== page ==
The United States Treasury Department announced on Friday, January 21, that it would be enforcing sanctions on three Lebanese individuals and ten companies, based on accusations that they had contributed to terrorist financing on behalf of the Iranian regime. The new sanctions reflect longstanding recognition of the outsized role that Lebanon’s Shiite militant organization, Hezbollah, plays in the Iranian terror network. The intricacy and longevity of that relationship have led to numerous reports of Tehran using Hezbollah as a model for the development of proxy groups elsewhere in the region.

However, that relationship is now being challenged by the simultaneous financial pressures affecting Lebanon and Iran. The announcement of new sanctions on Hezbollah assets specifically addresses Lebanon’s severe financial crisis and accuses the Iran-backed militant group of ignoring the domestic population’s suffering to continue “misuse of the international financial system to raise and launder funds for its destabilizing activities.”

The crisis in question is reportedly the worst Lebanon has faced since its civil war concluded in 1990 after 15 years of fighting. While the country’s national currency lost 90 percent of its value, the poverty rate skyrocketed from 42 percent to 82 percent between 2019 and 2021. Meanwhile, Lebanon saw a decline in the charitable services that Hezbollah has traditionally offered to buy the domestic population’s acquiescence to its more militant activities.

Traditionally, that public relations effort has been financed in large part by the Iranian regime, so one might assume that the reduction in Hezbollah services is at least partly attributable to Iran’s financial crisis, which has been more gradual but has resulted in similar spikes in poverty and unemployment, accompanied by similar declines in the value of the national currency. However, experts such as Hisham Jaber, head of the Middle East Center for Studies and Public Relations, note that the Islamic Republic continues to pay approximately 500 million dollars to Hezbollah per year.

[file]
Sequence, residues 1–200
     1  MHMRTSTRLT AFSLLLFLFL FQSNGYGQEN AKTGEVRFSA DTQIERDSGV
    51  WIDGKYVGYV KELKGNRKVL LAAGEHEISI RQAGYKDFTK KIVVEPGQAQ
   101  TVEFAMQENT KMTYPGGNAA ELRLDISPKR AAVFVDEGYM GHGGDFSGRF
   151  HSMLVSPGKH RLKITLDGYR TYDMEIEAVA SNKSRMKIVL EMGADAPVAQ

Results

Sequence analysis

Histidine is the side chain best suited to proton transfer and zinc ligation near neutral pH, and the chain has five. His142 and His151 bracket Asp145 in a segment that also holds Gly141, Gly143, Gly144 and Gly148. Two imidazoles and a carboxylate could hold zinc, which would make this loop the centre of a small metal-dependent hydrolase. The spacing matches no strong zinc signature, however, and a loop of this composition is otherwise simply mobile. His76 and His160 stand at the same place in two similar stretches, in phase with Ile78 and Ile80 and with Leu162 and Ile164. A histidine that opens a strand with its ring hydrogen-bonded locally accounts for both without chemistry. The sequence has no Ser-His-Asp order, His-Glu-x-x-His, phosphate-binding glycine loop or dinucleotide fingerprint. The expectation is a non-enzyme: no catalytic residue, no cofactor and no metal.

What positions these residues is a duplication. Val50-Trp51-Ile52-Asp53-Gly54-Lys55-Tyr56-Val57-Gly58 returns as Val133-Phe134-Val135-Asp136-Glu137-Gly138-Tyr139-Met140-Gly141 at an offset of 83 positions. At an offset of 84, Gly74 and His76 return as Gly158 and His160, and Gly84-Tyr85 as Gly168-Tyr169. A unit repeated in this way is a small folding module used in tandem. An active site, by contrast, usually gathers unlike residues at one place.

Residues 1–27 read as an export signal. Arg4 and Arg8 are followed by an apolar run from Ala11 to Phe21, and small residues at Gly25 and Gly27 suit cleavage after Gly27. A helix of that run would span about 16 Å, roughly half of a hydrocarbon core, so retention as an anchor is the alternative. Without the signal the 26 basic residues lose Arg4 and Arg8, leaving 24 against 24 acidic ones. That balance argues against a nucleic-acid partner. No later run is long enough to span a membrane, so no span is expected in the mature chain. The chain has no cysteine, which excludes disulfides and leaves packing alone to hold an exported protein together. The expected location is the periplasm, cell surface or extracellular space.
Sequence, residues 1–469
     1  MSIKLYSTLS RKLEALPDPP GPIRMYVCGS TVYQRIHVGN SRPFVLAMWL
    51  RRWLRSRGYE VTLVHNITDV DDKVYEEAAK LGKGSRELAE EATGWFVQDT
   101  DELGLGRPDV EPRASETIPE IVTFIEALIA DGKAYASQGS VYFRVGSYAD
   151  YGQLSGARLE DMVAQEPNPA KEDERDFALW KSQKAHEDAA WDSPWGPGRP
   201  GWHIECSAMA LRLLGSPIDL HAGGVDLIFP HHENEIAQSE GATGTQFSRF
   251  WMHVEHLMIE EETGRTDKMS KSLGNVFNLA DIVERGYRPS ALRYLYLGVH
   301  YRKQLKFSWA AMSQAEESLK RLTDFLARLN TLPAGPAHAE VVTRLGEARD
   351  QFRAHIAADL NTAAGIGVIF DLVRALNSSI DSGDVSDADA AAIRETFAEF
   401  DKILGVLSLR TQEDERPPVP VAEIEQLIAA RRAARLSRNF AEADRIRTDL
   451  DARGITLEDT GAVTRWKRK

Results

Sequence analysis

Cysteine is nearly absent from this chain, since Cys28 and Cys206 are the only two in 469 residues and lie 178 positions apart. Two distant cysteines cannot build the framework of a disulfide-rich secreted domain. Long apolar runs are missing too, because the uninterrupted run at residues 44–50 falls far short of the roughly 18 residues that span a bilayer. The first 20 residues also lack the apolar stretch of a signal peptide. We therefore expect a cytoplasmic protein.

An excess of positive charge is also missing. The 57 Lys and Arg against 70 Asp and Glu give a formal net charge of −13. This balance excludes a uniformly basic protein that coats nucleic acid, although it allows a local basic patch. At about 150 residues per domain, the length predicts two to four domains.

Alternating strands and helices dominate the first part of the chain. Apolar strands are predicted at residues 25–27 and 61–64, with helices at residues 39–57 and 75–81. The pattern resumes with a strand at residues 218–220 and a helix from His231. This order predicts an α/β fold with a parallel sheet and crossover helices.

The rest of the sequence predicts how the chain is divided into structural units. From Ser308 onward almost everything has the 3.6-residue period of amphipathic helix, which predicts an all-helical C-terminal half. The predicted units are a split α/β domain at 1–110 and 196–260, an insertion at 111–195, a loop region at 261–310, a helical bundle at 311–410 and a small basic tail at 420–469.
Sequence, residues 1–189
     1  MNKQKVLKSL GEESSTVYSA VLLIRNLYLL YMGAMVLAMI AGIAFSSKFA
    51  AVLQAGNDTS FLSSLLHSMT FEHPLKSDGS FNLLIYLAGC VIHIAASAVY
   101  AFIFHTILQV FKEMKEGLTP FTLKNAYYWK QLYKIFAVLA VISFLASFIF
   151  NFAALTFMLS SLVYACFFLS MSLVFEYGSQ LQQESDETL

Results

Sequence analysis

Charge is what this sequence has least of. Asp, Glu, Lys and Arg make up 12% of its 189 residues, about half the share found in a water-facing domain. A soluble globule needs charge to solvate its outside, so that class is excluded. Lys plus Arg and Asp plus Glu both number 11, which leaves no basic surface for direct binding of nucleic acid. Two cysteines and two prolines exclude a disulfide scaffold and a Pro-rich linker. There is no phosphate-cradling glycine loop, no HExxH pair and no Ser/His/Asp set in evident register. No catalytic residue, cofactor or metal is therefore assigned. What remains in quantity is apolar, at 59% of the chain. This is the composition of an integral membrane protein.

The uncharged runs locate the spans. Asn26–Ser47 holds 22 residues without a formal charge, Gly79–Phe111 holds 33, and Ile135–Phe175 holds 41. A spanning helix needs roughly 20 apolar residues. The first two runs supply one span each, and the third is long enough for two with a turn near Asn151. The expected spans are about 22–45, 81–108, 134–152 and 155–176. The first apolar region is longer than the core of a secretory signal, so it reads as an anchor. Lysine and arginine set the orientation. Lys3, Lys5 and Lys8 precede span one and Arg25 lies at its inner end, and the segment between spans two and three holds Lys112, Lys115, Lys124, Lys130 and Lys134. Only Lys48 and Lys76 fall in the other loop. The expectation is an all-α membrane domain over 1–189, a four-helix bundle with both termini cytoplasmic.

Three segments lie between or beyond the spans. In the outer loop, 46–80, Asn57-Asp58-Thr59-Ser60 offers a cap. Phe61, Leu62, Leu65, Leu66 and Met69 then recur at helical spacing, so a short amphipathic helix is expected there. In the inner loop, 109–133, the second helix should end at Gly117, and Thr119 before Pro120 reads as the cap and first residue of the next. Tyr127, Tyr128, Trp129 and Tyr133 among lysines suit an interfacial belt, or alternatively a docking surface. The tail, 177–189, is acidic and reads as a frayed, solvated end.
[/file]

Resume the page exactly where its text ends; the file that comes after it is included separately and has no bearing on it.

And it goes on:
Many of those same experts conclude that this sum’s failure to alleviate the crisis is explainable in terms of its misappropriation. In this sense, they have levied the same accusations as the US Treasury Department has levied against the Iranian regime and Hezbollah. Furthermore, growing numbers of Lebanese people appear to be joining in the effort to assign blame to Tehran for their own economic and social difficulties.

Popular unrest is on the rise in Lebanon, with many activists taking explicit aim at the Islamic Republic and accusing it of a hostile “occupation” that has turned their country into a staging ground for the Iran regime’s pursuit of its interests. More than 200 Lebanese political figures came together last week to form the National Council to Lift the Iranian Occupation of Lebanon.

In its first public statements, the council emphasized that Hezbollah was an agent of that occupation. Foreign Minister and council leader Ahmad Fatfat told reports that the situation being faced by Lebanese people was “occupation by proxy.” He went on to explain: “Even if Iran does not have boots on the ground, Hezbollah exists with 150,000 missiles and 100,000 fighters threatening the country from inside.”

The further problem with that situation is that the missiles and fighters in question are not committed to Lebanon’s self-defense, much less to the welfare of ordinary people living in that country, but instead act as a paramilitary proxy for Tehran in conflicts with Israel, Syrian rebels, and others. Hezbollah played a major role in the fight against ISIL and against moderate opposition groups during Syria’s nearly decade-long civil war, and the Lebanese group’s resources were naturally drained by the severity of that conflict.

Ongoing protests in Lebanon reflect continued awareness of these effects, as evidenced by one 60-year-old female activist’s recent remarks to international media. “Why are we engaging in wars in Syria and Yemen while we are dying of hunger?” she asked, referencing not only Iranian support of the Syrian dictator Bashar al-Assad but also Iranian backing of the Shiite militant group that has been fighting for dominance of Yemen since driving out the country’s internationally-recognized government in 2014.

Such questions are starkly reminiscent of slogans that have become increasingly commonplace inside Iran itself during recent years. That country was rocked by a nationwide uprising in January 2018 and by another, even larger uprising in November 2019. In both and also in numerous other protests, Iranian citizens were heard to chant “forget about Syria; think of us,” to highlight the regime’s misplaced priorities and neglect of a worsening economic crisis at home.

Now, with the formation of the National Council to Lift the Iranian Occupation, it appears that Lebanese citizens are increasingly aware of those same misplaced priorities. Thus, the opportunity exists for activists in both countries to work together toward mitigating the impact of Tehran’s regional ambitions on both of their populations.

Source » iranfocus